Consulate attack: foreign policy test for Modi?

Updated - November 17, 2021 06:49 am IST

Published - May 23, 2014 07:55 pm IST - NEW DELHI and KABUL:

Friday’s terrorist attack on the Indian consulate in the western Afghanistan city of Heart is threatening to turn into Prime Minister-designate Narendra Modi’s first major foreign policy test, with concerns over possible Pakistani involvement in the strike threatening to derail his invitation to its Prime Minister, Nawaz Sharif, to attend his swearing-in on Monday.

Heavily-armed terrorists attacked the Indian consulate using rocket-propelled grenades and assault weapons, at 3.35 a.m. on Friday.  Indo-Tibetan Border Police guards stationed at the consulate repulsed the attack, shooting dead a terrorist who tried to scale the wall.  

Afghan military and police personnel shot dead the three remaining attackers, Herat police chief Fahimullah Qatra said, after a six hour siege of an adjoining building.  Four Afghan police officers suffered injuries in the operation, but no Indian was hurt or killed.

However, the attackers did not use a car-bomb to overwhelm the mission’s defences, as in past strikes — a sign one Indian intelligence official told The Hindu, that the mission may have been hastily planned.

Pakistan Link

The attack came even as Mr. Sharif began meetings with key aides to decide on whether to accept Mr. Modi’s invitation, or send a representative instead.  Pakistani journalists had said late on Friday night that Mr. Sharif had made up his mind to travel to New Delhi — appearing to buck military hardliners who have slowed down his promise to speed up the peace process with India.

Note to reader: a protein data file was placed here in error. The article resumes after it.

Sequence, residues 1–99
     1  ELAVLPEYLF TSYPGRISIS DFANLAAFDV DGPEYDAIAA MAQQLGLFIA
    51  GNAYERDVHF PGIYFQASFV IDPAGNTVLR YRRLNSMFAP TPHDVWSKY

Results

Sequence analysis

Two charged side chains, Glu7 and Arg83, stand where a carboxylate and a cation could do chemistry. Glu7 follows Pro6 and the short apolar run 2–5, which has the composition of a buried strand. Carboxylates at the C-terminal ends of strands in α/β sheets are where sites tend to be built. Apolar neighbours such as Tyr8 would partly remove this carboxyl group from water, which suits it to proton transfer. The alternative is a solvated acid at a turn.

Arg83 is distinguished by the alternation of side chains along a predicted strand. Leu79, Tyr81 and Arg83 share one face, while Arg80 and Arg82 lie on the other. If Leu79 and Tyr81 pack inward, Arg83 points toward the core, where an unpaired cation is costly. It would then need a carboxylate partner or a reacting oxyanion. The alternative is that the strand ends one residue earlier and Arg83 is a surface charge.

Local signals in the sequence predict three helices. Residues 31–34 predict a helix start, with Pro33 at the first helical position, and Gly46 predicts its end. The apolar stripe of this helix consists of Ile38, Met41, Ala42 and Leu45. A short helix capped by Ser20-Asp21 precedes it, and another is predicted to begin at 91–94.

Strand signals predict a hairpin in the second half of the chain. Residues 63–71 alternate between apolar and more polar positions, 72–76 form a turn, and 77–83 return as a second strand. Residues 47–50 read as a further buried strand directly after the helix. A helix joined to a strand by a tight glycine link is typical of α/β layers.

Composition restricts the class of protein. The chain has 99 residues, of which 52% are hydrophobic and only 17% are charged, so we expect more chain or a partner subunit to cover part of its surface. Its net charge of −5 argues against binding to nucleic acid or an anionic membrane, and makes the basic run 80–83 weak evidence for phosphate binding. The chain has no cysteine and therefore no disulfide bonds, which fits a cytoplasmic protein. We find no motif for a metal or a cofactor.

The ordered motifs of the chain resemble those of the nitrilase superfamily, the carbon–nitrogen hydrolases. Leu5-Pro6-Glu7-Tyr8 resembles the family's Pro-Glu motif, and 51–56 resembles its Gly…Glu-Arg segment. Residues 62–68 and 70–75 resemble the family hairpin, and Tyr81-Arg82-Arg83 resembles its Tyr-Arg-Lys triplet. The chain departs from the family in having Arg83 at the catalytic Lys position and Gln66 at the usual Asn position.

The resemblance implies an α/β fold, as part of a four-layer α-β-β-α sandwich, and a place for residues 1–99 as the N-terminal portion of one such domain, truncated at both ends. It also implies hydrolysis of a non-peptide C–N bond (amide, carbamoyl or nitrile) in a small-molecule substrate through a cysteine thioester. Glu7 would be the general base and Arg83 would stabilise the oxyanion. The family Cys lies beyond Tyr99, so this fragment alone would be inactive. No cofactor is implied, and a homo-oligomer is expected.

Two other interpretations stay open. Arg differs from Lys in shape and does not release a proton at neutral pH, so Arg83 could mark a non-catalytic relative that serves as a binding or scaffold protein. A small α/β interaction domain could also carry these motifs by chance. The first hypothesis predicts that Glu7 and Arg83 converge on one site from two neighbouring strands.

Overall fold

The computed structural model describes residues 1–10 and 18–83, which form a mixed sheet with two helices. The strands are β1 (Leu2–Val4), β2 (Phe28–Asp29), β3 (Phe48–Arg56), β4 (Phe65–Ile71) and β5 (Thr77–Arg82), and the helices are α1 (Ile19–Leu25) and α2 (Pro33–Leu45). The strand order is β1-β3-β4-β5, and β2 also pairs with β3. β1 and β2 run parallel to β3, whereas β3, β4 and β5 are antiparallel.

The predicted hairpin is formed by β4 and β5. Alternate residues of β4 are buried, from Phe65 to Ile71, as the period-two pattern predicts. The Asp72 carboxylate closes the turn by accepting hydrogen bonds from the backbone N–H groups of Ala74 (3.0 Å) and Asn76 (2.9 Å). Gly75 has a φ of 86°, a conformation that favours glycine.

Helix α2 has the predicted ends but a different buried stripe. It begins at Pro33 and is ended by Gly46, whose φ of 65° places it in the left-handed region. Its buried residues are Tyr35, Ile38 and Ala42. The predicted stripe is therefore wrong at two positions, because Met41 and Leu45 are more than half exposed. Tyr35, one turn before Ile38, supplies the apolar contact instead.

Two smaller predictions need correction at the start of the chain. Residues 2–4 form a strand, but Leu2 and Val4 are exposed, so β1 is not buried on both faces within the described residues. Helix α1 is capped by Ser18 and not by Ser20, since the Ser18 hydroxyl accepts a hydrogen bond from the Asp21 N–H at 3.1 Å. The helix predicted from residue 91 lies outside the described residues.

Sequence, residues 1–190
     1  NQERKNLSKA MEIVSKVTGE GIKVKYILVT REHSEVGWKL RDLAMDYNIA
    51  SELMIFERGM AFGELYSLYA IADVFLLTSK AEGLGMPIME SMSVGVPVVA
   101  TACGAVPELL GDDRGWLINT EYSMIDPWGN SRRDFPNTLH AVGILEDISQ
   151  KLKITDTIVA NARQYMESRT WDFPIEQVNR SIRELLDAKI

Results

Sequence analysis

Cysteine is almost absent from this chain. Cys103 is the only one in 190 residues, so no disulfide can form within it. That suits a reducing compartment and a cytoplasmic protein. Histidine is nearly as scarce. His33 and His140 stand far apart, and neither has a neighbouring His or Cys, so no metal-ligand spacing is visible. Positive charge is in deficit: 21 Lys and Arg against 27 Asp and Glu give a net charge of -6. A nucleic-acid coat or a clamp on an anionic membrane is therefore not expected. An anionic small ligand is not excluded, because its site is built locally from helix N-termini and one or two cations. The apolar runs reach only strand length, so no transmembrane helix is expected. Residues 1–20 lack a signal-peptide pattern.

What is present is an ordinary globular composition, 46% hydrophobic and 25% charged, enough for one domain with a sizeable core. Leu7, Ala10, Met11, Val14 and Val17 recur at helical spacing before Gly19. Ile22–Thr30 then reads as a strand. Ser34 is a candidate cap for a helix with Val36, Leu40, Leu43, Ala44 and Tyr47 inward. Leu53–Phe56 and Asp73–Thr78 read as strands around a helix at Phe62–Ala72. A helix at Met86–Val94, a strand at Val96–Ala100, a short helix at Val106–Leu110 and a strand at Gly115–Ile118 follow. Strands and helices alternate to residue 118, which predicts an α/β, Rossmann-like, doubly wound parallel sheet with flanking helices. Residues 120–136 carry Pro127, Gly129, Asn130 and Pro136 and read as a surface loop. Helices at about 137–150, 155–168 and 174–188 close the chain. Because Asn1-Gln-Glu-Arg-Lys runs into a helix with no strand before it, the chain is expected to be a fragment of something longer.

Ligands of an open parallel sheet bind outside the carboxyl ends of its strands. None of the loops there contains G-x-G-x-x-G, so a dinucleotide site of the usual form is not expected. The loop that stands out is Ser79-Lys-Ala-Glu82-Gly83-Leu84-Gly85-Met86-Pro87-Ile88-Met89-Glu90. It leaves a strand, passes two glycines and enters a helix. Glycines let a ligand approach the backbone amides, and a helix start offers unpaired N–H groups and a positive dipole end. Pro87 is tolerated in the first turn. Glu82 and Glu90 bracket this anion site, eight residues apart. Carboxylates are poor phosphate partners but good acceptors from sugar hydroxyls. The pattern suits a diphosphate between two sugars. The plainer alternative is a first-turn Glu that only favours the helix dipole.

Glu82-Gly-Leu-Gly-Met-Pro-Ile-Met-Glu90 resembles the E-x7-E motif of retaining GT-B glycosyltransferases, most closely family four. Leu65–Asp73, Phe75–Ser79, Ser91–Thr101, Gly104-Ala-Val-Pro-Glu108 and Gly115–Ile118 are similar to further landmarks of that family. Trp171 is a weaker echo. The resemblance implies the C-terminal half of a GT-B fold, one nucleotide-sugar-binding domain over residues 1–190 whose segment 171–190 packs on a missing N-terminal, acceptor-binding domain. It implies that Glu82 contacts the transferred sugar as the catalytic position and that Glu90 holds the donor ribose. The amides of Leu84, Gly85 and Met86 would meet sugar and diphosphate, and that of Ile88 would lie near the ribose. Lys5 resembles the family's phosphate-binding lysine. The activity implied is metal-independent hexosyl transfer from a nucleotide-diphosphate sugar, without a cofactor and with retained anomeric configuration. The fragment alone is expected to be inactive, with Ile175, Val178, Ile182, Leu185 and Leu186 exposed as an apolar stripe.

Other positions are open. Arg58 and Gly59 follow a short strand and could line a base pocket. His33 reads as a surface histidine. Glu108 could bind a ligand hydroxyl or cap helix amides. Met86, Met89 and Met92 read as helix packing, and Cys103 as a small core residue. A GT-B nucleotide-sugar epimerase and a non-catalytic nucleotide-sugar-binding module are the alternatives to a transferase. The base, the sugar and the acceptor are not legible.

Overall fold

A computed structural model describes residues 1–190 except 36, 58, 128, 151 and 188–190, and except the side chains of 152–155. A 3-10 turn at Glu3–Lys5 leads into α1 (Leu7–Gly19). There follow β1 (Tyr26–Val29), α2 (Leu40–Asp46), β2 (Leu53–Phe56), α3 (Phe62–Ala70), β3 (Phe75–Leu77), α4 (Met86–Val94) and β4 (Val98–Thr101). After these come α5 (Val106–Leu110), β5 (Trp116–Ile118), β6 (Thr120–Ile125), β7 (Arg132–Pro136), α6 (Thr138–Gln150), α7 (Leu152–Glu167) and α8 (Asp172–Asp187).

“In my view, this was the Pakistani military establishment’s response to the RSVP request on the card Mr. Modi sent Mr. Sharif,” said Sushant Sareen, a senior fellow at the Vivekanand International Foundation, a think tank whose members have played a key role in formulating Mr. Modi’s strategic policies.

Fredric Grare, a Afghanistan and Pakistan expert at the Carnegie Endowment for International Peace in Washington DC, also said the attack “looks like one more signal sent by the Pakistani security establishment to Nawaz Sharif not to go too fast in improving relations with India.  It also constitutes a warning to the incoming Indian administration.”

Indian and Afghan diplomats also alluded to the possible involvement of Pakistan’s Inter-Services Intelligence Directorate, or ISI, which has been blamed for past attacks on Indian diplomatic facilities in Afghanistan.

External Affairs Ministry spokesperson Syed Akbaruddin said India “cannot rule out the attack may have been planned outside Afghanistan’s borders”. President Hamid Karzai’s office said the two countries’ “enemies should know that such terrorist attacks will only strengthen good and friendly relations between India and Afghanistan.”

Prime Minister Manmohan Singh also issued a statement warning that the “attack will neither succeed in undermining the close relations between India and Afghanistan, nor deter India from fulfilling its commitment to help the Afghan people”.  

Vice-President Hamid Ansari also issued a statement condemning the attack.

Mr. Modi, meanwhile, spoke to India’s ambassador in Kabul, and assured him of future support.

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